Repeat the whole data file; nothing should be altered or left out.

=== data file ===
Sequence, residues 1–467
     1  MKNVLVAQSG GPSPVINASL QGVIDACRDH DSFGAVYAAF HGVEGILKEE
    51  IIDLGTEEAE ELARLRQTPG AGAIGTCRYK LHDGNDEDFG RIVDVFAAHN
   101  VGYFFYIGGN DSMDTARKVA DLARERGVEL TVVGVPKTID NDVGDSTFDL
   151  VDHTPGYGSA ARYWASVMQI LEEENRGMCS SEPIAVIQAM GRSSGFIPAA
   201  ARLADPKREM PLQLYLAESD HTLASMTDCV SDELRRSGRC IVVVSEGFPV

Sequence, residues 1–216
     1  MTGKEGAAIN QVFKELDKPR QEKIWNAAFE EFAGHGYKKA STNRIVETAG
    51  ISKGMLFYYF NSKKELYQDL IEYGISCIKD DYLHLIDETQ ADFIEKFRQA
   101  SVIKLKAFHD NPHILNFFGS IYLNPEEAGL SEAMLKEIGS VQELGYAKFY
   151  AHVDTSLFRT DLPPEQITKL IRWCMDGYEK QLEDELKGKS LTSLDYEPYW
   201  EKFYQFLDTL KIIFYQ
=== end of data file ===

Sequence, residues 1–467
     1  MKNVLVAQSG GPSPVINASL QGVIDACRDH DSFGAVYAAF HGVEGILKEE
    51  IIDLGTEEAE ELARLRQTPG AGAIGTCRYK LHDGNDEDFG RIVDVFAAHN
   101  VGYFFYIGGN DSMDTARKVA DLARERGVEL TVVGVPKTID NDVGDSTFDL
   151  VDHTPGYGSA ARYWASVMQI LEEENRGMCS SEPIAVIQAM GRSSGFIPAA
   201  ARLADPKREM PLQLYLAESD HTLASMTDCV SDELRRSGRC IVVVSEGFPV

Sequence, residues 1–216
     1  MTGKEGAAIN QVFKELDKPR QEKIWNAAFE EFAGHGYKKA STNRIVETAG
    51  ISKGMLFYYF NSKKELYQDL IEYGISCIKD DYLHLIDETQ ADFIEKFRQA
   101  SVIKLKAFHD NPHILNFFGS IYLNPEEAGL SEAMLKEIGS VQELGYAKFY
   151  AHVDTSLFRT DLPPEQITKL IRWCMDGYEK QLEDELKGKS LTSLDYEPYW
   201  EKFYQFLDTL KIIFYQ